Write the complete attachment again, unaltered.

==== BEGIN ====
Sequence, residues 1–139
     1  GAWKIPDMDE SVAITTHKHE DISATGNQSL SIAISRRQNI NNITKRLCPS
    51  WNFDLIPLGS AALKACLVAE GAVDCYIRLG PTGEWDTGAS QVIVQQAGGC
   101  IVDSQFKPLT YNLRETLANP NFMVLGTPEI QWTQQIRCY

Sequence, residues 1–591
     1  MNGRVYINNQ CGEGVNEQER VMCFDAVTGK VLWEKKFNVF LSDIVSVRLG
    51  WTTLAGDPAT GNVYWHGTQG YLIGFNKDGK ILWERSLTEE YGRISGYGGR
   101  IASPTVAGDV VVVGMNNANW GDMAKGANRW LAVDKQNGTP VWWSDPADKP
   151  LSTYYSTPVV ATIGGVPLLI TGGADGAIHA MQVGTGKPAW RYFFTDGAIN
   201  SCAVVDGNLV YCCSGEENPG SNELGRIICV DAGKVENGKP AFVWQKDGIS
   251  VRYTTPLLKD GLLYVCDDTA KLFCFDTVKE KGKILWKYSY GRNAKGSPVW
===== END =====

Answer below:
Sequence, residues 1–139
     1  GAWKIPDMDE SVAITTHKHE DISATGNQSL SIAISRRQNI NNITKRLCPS
    51  WNFDLIPLGS AALKACLVAE GAVDCYIRLG PTGEWDTGAS QVIVQQAGGC
   101  IVDSQFKPLT YNLRETLANP NFMVLGTPEI QWTQQIRCY

Sequence, residues 1–591
     1  MNGRVYINNQ CGEGVNEQER VMCFDAVTGK VLWEKKFNVF LSDIVSVRLG
    51  WTTLAGDPAT GNVYWHGTQG YLIGFNKDGK ILWERSLTEE YGRISGYGGR
   101  IASPTVAGDV VVVGMNNANW GDMAKGANRW LAVDKQNGTP VWWSDPADKP
   151  LSTYYSTPVV ATIGGVPLLI TGGADGAIHA MQVGTGKPAW RYFFTDGAIN
   201  SCAVVDGNLV YCCSGEENPG SNELGRIICV DAGKVENGKP AFVWQKDGIS
   251  VRYTTPLLKD GLLYVCDDTA KLFCFDTVKE KGKILWKYSY GRNAKGSPVW